A review concentrating solely on the questions of on-call time and compensatory rest.
- On-call time - the issue is the extent to which time spent on call (whether worked or not) is treated as working time. This issue has been the subject of rulings by the European Court of Justice (ECJ) in recent years.
- Compensatory rest - or, specifically, the timing of daily and weekly rest periods that compensate for minimum rest periods missed through work. Also addressed by the ECJ.
A more comprehensive set of changes dealing with on-call time, compensatory rest and the following issues:
- Greater flexibility in working patterns - eg extending the reference period used to calculate average working time in some (unspecified) sectors; more scope for collective bargaining in deciding working-time arrangements.
- Work-life balance.
- Autonomous workers - currently, senior managers/workers who control the organisation and length of their working time may be exempted from working-time rules. The EC suggests that clearer definitions are needed in deciding who can be covered by these exemptions.
- Multiple contracts - refers to workers who have concurrent contracts with different employers or, occasionally, with the same employer. The EC wants to clarify the rules governing these.
- The scope of the directive - defining the concept of 'worker' and how, for example, unpaid volunteers should be covered.
- Opt-out - the provision for workers to agree, voluntarily, to work longer than the maximum average working week of 48 hours specified in the current directive. It is the main reason for the failure of the Commission's earlier working-time proposal in 2009 when the Parliament and Council were unable to agree on its future. Many member states are keen to retain it; MEPs want to end it completely. The Commission appears now to be saying that the opt-out should be retained and hoping, as it says this, that new flexibilities in the directive will reduce the need for it.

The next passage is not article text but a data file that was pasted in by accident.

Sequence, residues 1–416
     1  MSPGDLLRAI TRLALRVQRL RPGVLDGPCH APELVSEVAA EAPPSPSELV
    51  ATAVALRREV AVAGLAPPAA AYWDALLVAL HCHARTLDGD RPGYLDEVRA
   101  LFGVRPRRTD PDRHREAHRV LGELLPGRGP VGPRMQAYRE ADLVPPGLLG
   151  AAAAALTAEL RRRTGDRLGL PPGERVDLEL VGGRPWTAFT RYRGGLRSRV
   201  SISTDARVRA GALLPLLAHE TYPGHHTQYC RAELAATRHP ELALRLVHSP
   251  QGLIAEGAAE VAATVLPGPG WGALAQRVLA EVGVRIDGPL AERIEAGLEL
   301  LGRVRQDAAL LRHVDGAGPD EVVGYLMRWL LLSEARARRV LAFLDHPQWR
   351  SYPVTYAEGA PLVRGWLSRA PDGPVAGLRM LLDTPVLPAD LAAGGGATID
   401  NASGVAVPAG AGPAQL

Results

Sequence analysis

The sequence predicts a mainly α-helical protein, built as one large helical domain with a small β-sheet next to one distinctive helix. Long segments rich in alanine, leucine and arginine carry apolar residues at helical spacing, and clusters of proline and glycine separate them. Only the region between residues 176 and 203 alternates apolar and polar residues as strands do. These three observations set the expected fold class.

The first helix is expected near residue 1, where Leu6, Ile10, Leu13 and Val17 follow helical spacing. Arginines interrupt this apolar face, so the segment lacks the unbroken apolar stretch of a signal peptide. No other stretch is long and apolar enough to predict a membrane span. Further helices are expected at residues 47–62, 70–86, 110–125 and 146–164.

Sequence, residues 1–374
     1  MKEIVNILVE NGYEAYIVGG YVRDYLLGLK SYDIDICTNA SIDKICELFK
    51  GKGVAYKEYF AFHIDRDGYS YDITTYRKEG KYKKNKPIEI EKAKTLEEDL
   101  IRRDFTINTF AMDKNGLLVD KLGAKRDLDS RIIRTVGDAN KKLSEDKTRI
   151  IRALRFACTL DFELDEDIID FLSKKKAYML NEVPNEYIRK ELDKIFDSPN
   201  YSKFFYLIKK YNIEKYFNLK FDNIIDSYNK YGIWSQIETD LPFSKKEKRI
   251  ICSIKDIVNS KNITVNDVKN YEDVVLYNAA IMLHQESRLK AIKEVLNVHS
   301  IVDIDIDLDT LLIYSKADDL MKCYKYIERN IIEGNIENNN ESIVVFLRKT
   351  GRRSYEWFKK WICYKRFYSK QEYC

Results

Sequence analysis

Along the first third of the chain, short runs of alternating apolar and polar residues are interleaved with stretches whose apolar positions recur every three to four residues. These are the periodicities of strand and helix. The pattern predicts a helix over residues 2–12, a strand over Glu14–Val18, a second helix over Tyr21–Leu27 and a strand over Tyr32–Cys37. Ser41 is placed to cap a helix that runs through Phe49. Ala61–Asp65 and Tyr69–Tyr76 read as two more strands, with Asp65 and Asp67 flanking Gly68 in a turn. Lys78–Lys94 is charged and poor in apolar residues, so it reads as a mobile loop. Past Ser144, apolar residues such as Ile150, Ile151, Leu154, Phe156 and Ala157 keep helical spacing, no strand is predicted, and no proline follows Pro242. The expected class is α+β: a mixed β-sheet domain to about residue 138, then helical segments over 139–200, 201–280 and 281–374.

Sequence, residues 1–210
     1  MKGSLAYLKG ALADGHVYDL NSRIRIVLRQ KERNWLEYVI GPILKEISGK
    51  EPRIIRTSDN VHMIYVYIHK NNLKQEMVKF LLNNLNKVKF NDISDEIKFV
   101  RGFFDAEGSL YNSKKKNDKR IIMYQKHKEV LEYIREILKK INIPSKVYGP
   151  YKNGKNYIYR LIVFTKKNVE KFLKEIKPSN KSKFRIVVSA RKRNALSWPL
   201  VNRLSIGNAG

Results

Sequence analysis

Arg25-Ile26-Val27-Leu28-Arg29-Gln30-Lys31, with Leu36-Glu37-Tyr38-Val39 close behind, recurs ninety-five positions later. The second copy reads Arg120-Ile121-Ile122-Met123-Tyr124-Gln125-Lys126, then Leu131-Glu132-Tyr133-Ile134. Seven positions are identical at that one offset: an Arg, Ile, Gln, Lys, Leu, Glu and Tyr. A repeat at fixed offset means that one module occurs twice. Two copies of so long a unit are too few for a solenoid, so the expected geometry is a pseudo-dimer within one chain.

- Paid annual leave - dealing with the lack of clarity on annual leave entitlement for workers on long-term sick leave.
- Better regulation - rewriting the directive to take account of all these changes rather than retaining the current one, introducing an amending one and referring to the ECJ judgements.
- Better enforcement - should there be an EU committee of working-time 'experts'?
Social partners may also propose legislation
Social partners also have the possibility - as set out in the EU treaties - to negotiate among themselves and come up with their own agreed plan for revising the directive. Recent conflicting statements by employers' and workers' representatives suggest, however, that there is not enough common ground between the two sides for such negotiations to succeed or even to begin.
Update December 2010
A second phase of consultation on the future of this directive is likely to begin soon. The first consultation was held earlier this year and led to the commissioning, at the request of the EU's social partners, of a new impact assessment of the current directive. This assessment should be completed any time now.
[The social partners are European federations/associations which are consulted as part of the European 'social dialogue', a mechanism created by the EU treaties to promote dialogue between employers and trades unions.]
The four priority issues being examined by the Commission and the social partners are unchanged: